at one point. There was no explanation for why it took the government more
than two hours to send police reinforcements to free them. 

Thursday June 29 6:24 PM ET 
BMA Urges Dropping Sanctions Against Iraq
By Georgina Kenyon

LONDON (Reuters Health) - The British Medical Association (BMA) asserts that
sanctions against Iraq are causing severe health problems among Iraqi women
and children, and are urging the World Medical Association to act.

At the BMA annual meeting in central London this week, Dr. Edwin Borm,
chairman of the international committee said, ''There are very real
humanitarian concerns by allowing these economic sanctions to continue.''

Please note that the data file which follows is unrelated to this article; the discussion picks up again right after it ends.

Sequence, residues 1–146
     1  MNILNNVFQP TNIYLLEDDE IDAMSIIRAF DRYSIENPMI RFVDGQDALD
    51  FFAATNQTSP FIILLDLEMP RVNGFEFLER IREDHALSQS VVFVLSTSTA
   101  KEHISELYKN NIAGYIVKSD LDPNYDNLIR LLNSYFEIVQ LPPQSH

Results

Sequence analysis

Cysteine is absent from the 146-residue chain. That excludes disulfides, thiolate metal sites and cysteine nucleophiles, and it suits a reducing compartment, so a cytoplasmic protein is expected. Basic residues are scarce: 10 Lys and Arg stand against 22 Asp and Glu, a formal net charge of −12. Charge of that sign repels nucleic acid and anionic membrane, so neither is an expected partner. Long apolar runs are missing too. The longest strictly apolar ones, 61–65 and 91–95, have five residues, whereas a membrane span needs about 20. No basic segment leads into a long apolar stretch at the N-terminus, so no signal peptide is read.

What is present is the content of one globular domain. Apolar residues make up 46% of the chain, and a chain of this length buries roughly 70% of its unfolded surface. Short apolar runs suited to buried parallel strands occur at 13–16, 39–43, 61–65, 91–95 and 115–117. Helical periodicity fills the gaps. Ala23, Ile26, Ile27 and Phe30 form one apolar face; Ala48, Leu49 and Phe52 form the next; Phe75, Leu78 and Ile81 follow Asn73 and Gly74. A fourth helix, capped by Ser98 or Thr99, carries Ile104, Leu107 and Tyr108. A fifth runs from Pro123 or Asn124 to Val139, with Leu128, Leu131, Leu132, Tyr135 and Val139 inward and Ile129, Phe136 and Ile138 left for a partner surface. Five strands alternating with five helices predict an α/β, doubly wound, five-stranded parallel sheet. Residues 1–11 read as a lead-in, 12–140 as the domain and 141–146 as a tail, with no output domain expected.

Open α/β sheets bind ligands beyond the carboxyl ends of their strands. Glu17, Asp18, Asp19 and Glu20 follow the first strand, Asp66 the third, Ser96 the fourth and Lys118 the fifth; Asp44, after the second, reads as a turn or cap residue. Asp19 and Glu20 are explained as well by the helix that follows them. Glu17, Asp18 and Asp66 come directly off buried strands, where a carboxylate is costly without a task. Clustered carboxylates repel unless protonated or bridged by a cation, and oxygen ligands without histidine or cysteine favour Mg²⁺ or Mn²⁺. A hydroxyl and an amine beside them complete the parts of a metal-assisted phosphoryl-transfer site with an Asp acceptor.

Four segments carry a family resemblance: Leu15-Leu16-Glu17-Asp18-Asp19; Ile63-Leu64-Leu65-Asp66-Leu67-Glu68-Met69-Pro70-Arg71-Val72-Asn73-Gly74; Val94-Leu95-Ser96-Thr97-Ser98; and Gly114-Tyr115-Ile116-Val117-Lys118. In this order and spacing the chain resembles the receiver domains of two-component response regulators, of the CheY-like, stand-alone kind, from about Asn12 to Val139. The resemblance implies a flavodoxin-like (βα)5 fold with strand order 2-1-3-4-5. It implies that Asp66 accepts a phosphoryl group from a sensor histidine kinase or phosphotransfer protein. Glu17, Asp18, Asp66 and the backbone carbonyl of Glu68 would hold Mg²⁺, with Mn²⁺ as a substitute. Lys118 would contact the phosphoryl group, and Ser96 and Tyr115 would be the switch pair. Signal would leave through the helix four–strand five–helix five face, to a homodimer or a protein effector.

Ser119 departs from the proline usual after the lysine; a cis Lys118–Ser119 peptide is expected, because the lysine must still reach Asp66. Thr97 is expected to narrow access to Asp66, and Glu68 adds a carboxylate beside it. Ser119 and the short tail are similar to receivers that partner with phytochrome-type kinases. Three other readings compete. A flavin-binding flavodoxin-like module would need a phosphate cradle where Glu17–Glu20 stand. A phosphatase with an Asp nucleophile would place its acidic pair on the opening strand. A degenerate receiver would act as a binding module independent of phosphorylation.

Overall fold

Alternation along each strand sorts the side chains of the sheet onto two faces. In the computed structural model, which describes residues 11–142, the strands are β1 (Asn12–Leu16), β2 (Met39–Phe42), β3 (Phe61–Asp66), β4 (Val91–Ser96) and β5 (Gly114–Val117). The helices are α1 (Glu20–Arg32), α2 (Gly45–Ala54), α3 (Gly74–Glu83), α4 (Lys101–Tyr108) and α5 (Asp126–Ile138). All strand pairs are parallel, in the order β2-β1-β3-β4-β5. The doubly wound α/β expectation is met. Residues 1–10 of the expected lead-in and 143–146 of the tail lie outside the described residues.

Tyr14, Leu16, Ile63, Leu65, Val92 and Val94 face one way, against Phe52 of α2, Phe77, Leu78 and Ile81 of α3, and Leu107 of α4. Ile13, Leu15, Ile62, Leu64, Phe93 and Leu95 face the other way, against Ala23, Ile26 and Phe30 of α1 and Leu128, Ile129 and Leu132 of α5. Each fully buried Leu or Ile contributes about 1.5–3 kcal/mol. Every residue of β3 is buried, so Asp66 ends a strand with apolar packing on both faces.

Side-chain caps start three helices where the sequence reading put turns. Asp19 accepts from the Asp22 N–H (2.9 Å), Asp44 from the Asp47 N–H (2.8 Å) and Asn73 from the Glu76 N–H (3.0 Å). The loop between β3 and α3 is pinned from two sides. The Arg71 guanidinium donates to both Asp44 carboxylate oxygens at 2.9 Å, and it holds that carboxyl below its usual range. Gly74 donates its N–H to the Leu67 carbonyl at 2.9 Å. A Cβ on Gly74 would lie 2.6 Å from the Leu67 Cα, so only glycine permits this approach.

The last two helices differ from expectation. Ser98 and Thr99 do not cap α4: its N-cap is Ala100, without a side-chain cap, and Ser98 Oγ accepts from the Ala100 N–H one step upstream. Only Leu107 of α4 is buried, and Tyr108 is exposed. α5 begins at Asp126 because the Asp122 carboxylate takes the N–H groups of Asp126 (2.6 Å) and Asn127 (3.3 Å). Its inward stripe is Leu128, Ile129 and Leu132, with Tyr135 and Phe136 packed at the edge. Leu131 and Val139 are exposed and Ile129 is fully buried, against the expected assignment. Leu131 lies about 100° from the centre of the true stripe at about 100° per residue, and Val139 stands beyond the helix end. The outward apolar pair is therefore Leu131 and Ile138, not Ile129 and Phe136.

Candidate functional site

``And it is women and children who are suffering the most from illnesses as
a result,'' Borm added.
Sanctions, he explained, have not affected the Iraqi regime, as those in
power are benefiting through the black market.

The British Medical Council is urging the World Medical Council to send a
delegation to Iraq to assess the full effect of sanctions on the Iraqi

An Iraqi-born British physician explained at the BMA annual meeting that
children in Iraq are suffering from malnutrition and infectious diseases as
well as a high incidence of childhood leukemia.

``We must be physicians first and politicians second, `` he said.

The British Medical Association also voted for the UK Government to press
the other G8 countries to cancel world debt because of its serious effect on